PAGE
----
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The micrograph on the left shows a sphere about 400 microns across with round green cells about 50 microns across inside. The middle micrograph shows a similar view at higher magnification. The micrograph on the right shows a broken sphere that has released some of the cells, while other cells remain inside.
Volvox aureus is a green alga in the supergroup Archaeplastida. This species exists as a colony, consisting of cells immersed in a gel-like matrix and intertwined with each other via hair-like cytoplasmic extensions. (credit: Dr. Ralf Wagner)

True multicellular organisms, such as the sea lettuce, Ulva , are represented among the chlorophytes. In addition, some chlorophytes exist as large, multinucleate, single cells. Species in the genus Caulerpa exhibit flattened fern-like foliage and can reach lengths of 3 meters ( [link] ). Caulerpa species undergo nuclear division, but their cells do not complete cytokinesis, remaining instead as massive and elaborate single cells.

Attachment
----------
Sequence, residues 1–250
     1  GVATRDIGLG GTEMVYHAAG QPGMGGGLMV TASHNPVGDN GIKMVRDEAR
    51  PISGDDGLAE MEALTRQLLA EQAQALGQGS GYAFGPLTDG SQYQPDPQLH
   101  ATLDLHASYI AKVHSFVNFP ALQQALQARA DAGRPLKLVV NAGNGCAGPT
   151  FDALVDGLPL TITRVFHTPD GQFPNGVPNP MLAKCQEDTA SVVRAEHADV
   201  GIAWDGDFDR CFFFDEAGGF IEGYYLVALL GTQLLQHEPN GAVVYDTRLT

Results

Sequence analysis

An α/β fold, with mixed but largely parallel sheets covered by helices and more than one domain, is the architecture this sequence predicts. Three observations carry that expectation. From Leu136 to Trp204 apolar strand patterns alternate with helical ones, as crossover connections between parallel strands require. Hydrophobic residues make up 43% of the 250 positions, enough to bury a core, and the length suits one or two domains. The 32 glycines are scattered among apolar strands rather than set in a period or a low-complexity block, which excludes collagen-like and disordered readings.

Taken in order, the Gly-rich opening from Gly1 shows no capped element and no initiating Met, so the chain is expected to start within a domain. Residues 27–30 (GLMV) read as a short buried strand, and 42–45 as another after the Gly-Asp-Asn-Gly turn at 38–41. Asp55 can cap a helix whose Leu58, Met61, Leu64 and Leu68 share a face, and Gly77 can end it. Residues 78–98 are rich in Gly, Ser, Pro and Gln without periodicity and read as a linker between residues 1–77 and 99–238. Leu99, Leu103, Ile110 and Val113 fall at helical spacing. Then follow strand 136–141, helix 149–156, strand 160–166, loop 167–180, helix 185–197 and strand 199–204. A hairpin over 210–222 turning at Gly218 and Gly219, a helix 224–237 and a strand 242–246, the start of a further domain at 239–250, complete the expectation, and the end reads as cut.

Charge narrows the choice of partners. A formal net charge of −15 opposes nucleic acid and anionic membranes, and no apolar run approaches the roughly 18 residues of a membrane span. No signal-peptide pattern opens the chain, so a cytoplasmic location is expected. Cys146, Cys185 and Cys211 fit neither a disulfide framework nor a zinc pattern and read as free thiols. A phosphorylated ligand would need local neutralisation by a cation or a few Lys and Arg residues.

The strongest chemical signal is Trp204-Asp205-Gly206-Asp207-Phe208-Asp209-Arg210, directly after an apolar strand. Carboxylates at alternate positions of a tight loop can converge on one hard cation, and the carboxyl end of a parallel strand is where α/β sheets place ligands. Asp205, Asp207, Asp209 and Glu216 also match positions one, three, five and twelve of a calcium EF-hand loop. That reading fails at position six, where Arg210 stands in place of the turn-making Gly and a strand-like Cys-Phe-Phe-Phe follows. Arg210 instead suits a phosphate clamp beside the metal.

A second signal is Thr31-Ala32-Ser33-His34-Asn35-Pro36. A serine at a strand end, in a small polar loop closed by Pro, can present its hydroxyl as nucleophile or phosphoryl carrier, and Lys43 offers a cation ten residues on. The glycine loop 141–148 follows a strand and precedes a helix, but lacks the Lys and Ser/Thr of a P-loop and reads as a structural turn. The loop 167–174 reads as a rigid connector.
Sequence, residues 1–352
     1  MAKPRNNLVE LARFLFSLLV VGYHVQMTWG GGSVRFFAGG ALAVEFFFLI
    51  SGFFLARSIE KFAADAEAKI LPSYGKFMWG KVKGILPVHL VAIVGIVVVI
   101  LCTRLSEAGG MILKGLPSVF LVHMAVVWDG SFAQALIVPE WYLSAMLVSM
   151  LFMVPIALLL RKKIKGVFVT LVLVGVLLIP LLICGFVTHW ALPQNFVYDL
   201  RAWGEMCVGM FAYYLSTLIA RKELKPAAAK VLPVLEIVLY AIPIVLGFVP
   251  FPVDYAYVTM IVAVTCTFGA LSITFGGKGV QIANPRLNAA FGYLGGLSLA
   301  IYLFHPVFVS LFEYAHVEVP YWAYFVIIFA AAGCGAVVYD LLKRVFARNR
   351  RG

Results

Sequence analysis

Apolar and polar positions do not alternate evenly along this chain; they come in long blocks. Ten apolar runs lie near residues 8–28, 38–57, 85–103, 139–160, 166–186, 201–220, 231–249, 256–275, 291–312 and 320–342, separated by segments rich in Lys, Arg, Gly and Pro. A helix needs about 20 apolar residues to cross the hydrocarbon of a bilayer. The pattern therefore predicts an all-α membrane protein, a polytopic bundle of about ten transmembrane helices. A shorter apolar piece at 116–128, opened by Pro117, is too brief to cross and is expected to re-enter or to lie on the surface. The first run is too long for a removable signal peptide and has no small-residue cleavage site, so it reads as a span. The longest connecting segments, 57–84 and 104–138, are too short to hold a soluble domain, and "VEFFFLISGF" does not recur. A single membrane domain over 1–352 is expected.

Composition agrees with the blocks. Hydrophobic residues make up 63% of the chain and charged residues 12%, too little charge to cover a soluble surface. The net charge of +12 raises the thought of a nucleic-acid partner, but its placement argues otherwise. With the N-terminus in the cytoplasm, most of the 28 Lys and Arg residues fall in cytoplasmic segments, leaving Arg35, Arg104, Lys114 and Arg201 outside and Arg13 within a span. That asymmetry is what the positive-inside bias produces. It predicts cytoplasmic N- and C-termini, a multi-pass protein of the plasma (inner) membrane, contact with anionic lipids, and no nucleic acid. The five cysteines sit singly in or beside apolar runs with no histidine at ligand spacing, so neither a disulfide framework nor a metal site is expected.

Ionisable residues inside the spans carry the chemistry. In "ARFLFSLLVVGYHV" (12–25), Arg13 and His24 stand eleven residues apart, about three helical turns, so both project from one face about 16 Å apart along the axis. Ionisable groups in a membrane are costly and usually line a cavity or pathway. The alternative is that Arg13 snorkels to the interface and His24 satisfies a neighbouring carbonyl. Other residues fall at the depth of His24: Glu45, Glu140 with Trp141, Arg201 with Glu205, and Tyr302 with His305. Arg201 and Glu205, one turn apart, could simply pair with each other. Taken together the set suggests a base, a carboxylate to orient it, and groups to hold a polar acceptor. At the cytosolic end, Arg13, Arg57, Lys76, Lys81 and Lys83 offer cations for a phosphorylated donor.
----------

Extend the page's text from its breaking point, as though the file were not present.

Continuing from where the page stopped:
This underwater photo shows fern-like plants growing on the sea bottom.
Caulerpa taxifolia is a chlorophyte consisting of a single cell containing potentially thousands of nuclei. (credit: NOAA)

Amoebozoa

The amoebozoans characteristically exhibit pseudopodia that extend like tubes or flat lobes, rather than the hair-like pseudopodia of rhizarian amoeba ( [link] ). The Amoebozoa include several groups of unicellular amoeba-like organisms that are free-living or parasites.

The micrograph shows amoebas with lobe-like pseudopodia.
Amoebae with tubular and lobe-shaped pseudopodia are seen under a microscope. These isolates would be morphologically classified as amoebozoans.

Slime molds

A subset of the amoebozoans, the slime molds, has several morphological similarities to fungi that are thought to be the result of convergent evolution. For instance, during times of stress, some slime molds develop into spore-generating fruiting bodies, much like fungi.